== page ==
Hemodynamic effects of short-term hyperoxia after coronary artery bypass grafting

Although oxygen is generally administered in a liberal manner in the perioperative setting, the effects of oxygen administration on dynamic cardiovascular parameters, filling status and cerebral perfusion have not been fully unraveled. Our aim was to study the acute hemodynamic and microcirculatory changes before, during and after arterial hyperoxia in mechanically ventilated patients after coronary artery bypass grafting (CABG) surgery.

Methods: This was a single-center physiological study in a tertiary care ICU in the Netherlands.

Twenty-two patients scheduled for ICU admission after elective CABG were enrolled in the study between September 2014 and September 2015.In the ICU, patients were exposed to a fraction of inspired oxygen (FiO 2 ) of 90% allowing a 15-min wash-in period. Various hemodynamic parameters were measured using direct pressure signals and continuous arterial waveform analysis at three sequential time points: before, during and after hyperoxia.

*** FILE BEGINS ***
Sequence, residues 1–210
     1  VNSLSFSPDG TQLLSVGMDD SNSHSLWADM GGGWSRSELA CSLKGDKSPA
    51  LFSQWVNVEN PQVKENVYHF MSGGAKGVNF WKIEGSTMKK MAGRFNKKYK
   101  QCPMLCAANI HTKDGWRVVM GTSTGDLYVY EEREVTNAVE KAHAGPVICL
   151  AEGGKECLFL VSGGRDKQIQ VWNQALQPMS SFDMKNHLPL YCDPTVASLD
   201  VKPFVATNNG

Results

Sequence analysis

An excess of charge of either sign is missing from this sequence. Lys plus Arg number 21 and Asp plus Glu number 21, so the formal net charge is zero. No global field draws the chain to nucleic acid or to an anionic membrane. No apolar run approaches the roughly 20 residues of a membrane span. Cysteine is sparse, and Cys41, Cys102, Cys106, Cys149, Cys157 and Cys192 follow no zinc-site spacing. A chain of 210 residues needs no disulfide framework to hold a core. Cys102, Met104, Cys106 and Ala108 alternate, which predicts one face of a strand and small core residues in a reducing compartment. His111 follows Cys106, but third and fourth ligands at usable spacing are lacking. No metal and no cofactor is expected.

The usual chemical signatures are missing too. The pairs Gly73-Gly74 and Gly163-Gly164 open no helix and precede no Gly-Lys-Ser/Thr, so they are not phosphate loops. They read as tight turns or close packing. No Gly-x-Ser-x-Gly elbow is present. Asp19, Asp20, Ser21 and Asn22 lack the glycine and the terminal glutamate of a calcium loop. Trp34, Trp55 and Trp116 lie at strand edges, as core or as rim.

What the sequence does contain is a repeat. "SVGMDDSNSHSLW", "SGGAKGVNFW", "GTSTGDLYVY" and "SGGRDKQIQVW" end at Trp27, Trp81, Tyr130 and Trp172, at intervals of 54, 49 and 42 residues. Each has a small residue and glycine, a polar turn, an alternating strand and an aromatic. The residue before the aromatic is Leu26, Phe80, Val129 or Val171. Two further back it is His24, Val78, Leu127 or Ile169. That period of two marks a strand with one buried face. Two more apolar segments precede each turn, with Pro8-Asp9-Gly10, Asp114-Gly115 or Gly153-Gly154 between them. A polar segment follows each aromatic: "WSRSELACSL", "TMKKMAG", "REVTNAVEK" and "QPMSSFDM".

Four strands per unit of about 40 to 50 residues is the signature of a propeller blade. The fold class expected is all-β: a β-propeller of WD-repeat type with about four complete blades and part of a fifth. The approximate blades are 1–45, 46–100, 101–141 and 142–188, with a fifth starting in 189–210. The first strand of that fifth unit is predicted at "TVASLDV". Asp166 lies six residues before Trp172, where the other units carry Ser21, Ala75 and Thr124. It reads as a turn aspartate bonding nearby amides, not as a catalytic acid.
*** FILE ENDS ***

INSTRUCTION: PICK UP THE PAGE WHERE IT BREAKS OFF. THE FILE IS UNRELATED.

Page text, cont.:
Results: During a 15-min exposure to a fraction of inspired oxygen (FiO 2 ) of 90%, the partial pressure of arterial oxygen (PaO 2 ) and arterial oxygen saturation (SaO 2 ) were significantly higher.

The systemic resistance increased (P < 0.0001), without altering the heart rate. Stroke volume variation and pulse pressure variation decreased slightly.

The cardiac output did not significantly decrease (P = 0.08). Mean systemic filling pressure and arterial critical closing pressure increased (P < 0.01whereas the percentage of perfused microcirculatory vessels decreased (P < 0.01).

Other microcirculatory parameters and cerebral blood flow velocity showed only slight changes.

Conclusions: We found that short-term hyperoxia affects hemodynamics in ICU patients after CABG. This was translated in several changes in central circulatory variables, but had only slight effects on cardiac output, cerebral blood flow and the microcirculation.Clinical trial registration Netherlands Trial Register: NTR5064

Published on: 2017-02-23

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